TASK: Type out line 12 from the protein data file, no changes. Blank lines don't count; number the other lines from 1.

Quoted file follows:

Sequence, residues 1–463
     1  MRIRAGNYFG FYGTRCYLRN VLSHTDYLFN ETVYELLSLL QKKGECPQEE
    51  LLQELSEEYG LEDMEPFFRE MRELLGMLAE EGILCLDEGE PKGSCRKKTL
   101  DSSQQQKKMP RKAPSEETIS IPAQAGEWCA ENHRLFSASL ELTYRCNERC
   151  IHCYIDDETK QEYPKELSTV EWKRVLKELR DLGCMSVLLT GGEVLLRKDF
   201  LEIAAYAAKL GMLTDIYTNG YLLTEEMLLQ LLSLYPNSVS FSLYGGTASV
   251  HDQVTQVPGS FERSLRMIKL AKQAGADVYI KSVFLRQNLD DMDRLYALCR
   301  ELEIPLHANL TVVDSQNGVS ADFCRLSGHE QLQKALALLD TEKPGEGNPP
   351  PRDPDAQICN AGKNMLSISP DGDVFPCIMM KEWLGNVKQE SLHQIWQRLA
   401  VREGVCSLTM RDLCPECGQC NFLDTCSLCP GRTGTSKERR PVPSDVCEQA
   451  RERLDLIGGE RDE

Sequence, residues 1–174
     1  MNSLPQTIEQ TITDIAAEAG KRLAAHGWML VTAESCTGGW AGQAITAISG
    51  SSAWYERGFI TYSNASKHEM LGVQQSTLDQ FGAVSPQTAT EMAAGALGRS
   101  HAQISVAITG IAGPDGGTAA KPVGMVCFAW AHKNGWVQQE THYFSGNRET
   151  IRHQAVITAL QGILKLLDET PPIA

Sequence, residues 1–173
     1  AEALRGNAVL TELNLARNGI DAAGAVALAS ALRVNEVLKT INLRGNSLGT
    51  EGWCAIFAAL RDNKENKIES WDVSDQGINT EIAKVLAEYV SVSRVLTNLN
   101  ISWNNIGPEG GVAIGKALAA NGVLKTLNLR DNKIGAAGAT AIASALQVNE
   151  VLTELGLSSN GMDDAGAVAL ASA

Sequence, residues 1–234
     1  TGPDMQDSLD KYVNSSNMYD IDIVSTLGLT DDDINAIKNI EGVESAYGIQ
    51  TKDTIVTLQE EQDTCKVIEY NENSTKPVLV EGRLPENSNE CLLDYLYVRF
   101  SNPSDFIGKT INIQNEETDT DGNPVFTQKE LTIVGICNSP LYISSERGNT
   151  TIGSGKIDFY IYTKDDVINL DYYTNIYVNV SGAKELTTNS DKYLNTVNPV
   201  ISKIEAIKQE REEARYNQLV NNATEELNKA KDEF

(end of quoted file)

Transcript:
Sequence, residues 1–174